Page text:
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Bordeaux 2013, Harvest Report.

Date: Mon, Nov 25, 2013 Wine Tasting Winery Blogs Wine Business

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This is what rot looks like on Cabernet Sauvignon grapes. These grapes were harvested, but then rejected during manual sorting at the winery. These were picked at a top wine estate in the Medoc.

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"We lost around 280 hectares out of a total of 300," said Vincent Cruège, a spokesman for André Lurton, who owns Château Bonnet in the Entre-Deux-Mers region. The estate normally produces around 1.5 million bottles of white and one million bottles of red a year.
Quite clearly the 2013 Bordeaux harvest will be a struggle.

Perhaps a flippant summary for the 2013 harvest would be:

'Rain, Rain and more Rain'

Stéphane Defraine, president of the Entre-Deux-Mers Winegrowers Union, said hailstorms will cost winegrowers across Bordeaux at least €300 million, or about $400 million, in sales.
The French agriculture ministry projects this year's Bordeaux harvest will be about 4.4 million hectoliters, down 19% from 2012. The small 2013 crop puts wine producers in a difficult spot: low volumes will make it hard to meet global demand, but the weak quality of the grapes will make it tough to compete.

A summary of the 2013 growing season in Bordeaux:

January/ February/ March were very cold and wet.
April had some warm days, but was also very cold.
May was wet and cold. Too much vegetation on the vines (from the wet spring) meant that extra shoots had to be discarded on each vine. Mildew was present.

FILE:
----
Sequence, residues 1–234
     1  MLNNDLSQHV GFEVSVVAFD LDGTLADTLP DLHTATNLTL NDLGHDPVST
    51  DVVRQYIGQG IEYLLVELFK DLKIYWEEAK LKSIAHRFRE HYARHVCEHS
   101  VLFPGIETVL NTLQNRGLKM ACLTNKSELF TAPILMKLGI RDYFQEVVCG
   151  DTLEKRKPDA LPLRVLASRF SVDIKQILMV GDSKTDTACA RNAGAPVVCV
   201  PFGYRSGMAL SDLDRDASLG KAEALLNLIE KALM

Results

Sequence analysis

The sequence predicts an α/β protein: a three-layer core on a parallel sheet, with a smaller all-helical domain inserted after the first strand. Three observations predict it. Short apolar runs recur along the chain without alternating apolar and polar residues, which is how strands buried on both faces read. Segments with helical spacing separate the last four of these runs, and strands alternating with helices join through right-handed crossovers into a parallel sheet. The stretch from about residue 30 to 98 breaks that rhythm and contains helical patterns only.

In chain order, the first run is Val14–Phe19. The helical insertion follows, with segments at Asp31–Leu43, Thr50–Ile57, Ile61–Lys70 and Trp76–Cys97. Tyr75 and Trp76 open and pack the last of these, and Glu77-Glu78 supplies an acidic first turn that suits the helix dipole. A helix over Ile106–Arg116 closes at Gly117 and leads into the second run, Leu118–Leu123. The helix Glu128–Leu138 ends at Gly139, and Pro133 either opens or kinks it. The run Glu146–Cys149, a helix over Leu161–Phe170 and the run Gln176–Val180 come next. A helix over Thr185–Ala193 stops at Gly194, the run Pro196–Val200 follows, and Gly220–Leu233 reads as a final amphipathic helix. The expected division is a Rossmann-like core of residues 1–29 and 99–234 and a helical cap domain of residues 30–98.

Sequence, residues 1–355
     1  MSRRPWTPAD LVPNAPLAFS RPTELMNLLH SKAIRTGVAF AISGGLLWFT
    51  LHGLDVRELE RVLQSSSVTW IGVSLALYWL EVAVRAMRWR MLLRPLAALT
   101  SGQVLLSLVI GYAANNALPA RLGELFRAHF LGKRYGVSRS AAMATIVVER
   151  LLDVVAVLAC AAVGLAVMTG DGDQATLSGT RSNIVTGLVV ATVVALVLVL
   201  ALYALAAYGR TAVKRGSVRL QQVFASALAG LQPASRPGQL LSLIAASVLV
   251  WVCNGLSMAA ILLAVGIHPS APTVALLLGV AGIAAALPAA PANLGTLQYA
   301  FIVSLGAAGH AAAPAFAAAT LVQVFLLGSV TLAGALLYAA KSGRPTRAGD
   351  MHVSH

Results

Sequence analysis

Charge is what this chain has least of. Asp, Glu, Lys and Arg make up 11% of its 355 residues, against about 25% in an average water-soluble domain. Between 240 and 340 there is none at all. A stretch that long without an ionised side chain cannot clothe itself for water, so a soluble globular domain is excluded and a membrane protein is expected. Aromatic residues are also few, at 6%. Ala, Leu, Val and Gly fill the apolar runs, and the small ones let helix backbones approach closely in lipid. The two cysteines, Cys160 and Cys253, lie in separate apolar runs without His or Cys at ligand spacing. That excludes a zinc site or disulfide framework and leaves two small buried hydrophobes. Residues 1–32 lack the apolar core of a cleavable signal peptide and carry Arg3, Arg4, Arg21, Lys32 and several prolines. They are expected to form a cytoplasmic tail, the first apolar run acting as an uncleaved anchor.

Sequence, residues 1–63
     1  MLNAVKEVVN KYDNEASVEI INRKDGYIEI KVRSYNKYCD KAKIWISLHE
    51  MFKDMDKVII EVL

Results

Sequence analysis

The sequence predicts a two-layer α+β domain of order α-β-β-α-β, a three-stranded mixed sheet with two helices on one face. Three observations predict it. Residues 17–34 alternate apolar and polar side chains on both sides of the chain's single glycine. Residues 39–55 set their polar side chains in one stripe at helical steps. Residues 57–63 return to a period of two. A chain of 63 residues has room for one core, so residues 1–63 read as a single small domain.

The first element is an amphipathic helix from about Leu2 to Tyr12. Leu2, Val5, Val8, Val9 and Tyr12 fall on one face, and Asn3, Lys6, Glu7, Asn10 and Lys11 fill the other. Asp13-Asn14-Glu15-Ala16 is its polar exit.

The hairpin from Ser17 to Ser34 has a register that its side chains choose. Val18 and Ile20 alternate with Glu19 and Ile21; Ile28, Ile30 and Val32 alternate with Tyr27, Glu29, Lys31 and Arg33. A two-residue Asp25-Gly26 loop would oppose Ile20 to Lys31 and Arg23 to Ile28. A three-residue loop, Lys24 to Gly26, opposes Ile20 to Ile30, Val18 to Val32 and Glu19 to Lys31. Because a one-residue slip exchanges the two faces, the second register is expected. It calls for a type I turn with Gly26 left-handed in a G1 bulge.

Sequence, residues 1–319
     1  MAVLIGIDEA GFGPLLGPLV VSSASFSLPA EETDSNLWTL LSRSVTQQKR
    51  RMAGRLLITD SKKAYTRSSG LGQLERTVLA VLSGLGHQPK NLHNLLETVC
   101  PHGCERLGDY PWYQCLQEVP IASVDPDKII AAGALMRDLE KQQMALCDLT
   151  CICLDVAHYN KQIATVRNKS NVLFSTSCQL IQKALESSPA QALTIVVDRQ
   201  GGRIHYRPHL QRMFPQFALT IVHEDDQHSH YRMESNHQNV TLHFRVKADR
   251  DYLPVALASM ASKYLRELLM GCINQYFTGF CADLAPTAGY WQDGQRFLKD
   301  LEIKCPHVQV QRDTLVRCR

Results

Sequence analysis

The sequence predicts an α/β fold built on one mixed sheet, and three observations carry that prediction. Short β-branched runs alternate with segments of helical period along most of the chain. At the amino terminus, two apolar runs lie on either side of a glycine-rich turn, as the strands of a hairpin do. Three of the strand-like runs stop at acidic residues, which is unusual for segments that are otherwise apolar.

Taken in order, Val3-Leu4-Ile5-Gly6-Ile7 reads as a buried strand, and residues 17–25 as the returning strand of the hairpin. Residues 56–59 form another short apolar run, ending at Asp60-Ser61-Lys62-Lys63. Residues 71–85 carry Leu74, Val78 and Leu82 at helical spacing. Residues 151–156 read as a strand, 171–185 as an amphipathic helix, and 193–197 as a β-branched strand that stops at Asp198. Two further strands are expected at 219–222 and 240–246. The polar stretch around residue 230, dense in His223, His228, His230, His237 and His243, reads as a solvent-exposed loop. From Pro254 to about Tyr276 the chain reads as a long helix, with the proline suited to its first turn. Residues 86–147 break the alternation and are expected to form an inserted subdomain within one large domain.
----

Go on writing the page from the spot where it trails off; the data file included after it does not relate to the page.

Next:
June was wet during flowering. Caused Millerandage (malformation of bunches)and set for late harvest.
July was hot but with severe rain at the end of the month. Green harvest to expose the fruit and hope for sunshine to ripen the grapes.
August was hot but with hail at the beginning of the month in Entre Deux Mers caused losses equivalent to 78 million bottles.
September was wet and warm and humid. Rain Sept 27-29.
October was wet(3rd and 4th October big rain) and the evenings were extremely humid. The harvest was brought forward by many wine estates as rot was becoming a major issue on unripe grapes. Initially planned to start October 7th, but many picked from October 1st and all weekend. Harvest mainly finished in Medoc by October 16th.
I was at Mouton Rothschild when all the employees were 'invited' to work over the weekend....literally all hands on deck.
The best soils of the Medoc eg the higer plateaux of Pauillac in between Mouton and Lafite had exceptionnally healthy grapes, but they also had the problems with possible rot due to the wet and humid conditions.